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Law & Social Inquiry features PAL review essay

The latest issue of Law & Social Inquiry features a review essay written by Fabio de Sa e Silva, which outlines many lessons produced in the PAL project.

The piece is entitled "Good Bye, Liberal–Legal Democracy" and is available in an open access format to all interested readers. The article's abstract reads as follows.

Every other day, books and articles are published that examine the withering of democracy across multiple national contexts, perhaps best summarized by Steven Levitsky and Daniel Zibblat’s How Democracies Die. The law has not been ignored in this burgeoning literature. Telling examples are the studies on autocratic legalism by Javier Corrales and Kim Lane Scheppele; Tom Ginsburg and Aziz Huq’s book How to Save a Constitutional Democracy; a recent review essay by Michael McCann and Filiz Kahraman on the “interdependence of liberal and illiberal legal orders … in the United States”; and two forthcoming works from the Project on Autocratic Legalism: a special issue in the Verfassung und Recht in Übersee/World Comparative Law journal and a book on Brazil edited by Oscar Vilhena Vieira and colleagues. In this review essay, I focus on three critical issues arising from these and other sources. First, they show that a backlash against liberal democracies is happening in both the global South and the global North. Second, they show that law is no longer thought of as an intrinsic bulwark against assaults on liberal democracy—on the contrary, rising autocrats, many of whom are trained lawyers, often use the law as a tool to consolidate power, sideline minorities and political adversaries, and rule unconstrained. Finally, while earlier analyses of this phenomenon have tended to emphasize legislative change that reconfigured governance at its highest levels (the Presidency or Prime Minister’s Office, Congress, and High Courts), new studies are revealing––and are helping constitute––an empirically broader field of inquiry.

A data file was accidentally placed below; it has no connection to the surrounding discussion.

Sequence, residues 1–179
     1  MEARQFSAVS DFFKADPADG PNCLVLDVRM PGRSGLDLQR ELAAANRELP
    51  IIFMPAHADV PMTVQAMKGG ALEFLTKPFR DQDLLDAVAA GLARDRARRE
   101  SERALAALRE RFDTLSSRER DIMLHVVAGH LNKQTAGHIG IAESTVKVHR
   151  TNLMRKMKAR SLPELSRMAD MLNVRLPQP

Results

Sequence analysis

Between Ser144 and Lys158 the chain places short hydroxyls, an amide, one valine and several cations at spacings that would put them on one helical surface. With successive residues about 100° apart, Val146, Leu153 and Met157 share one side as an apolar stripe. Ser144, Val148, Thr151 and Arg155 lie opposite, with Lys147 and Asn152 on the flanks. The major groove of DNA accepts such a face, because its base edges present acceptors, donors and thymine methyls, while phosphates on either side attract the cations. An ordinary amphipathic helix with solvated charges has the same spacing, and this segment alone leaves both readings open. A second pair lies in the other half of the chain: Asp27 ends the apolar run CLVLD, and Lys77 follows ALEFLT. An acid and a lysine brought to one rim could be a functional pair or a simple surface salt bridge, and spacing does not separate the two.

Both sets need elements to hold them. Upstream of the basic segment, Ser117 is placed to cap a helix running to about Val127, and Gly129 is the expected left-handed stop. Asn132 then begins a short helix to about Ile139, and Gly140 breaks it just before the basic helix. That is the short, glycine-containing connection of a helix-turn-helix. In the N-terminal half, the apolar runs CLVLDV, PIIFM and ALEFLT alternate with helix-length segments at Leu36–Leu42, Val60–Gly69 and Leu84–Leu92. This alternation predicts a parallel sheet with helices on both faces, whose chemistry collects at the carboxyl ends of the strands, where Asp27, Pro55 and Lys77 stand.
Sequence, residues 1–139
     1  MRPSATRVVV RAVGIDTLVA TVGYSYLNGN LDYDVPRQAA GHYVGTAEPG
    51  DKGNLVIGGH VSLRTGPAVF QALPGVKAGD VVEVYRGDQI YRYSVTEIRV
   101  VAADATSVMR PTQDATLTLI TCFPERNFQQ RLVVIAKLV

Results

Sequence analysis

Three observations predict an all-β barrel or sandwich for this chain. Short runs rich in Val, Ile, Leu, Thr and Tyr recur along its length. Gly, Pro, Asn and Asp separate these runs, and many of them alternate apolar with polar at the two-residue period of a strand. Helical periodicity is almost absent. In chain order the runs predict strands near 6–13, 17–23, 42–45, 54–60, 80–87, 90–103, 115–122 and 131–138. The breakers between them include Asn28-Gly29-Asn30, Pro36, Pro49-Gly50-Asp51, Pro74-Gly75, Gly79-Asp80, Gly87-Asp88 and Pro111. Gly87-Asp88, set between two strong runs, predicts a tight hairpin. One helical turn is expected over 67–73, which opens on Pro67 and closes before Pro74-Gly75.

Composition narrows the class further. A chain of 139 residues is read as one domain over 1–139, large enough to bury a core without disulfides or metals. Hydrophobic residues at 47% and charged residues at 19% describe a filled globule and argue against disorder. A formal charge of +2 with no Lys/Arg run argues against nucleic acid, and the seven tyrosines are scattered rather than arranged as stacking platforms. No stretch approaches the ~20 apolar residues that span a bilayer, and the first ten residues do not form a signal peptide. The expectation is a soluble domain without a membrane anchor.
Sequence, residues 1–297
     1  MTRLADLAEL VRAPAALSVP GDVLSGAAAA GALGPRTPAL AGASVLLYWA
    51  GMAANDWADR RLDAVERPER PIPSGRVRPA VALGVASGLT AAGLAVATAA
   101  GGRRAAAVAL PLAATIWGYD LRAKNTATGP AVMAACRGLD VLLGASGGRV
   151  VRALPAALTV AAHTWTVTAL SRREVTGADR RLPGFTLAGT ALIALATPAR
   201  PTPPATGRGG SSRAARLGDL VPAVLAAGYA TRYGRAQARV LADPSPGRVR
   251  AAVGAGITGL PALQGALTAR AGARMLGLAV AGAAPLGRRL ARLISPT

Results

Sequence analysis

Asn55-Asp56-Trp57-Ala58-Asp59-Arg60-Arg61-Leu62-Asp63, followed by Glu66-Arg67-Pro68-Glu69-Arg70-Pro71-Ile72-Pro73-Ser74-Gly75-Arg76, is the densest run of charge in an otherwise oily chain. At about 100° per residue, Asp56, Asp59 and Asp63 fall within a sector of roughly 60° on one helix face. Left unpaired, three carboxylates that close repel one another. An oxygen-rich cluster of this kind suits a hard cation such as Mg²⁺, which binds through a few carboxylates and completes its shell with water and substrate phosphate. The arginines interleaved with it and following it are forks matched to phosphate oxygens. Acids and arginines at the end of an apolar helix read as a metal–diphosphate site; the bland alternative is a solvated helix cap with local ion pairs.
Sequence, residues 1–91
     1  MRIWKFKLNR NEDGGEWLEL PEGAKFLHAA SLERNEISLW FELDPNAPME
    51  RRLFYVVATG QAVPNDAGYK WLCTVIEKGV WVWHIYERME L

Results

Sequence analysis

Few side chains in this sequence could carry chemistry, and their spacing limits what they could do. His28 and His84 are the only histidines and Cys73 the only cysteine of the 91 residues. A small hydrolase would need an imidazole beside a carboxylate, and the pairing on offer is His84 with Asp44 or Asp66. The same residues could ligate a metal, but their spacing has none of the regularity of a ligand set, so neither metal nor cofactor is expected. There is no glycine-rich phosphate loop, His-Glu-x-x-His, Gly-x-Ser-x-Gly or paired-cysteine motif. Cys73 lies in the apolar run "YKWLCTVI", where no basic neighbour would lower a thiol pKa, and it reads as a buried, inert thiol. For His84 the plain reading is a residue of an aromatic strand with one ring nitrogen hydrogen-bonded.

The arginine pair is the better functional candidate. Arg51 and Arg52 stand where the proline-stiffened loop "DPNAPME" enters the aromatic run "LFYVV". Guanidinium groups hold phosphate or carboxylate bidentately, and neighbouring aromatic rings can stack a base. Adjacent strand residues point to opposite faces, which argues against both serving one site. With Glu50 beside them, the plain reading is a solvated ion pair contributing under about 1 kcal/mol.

"I am thankful to the journal and to the review essays section editor, Howard Erlanger, for enabling us to more broadly communicate some of the debates on law, democracy, and democratic backsliding taking place in the law and society community," said de Sa e Silva. A link to the full piece is available on our publications page.


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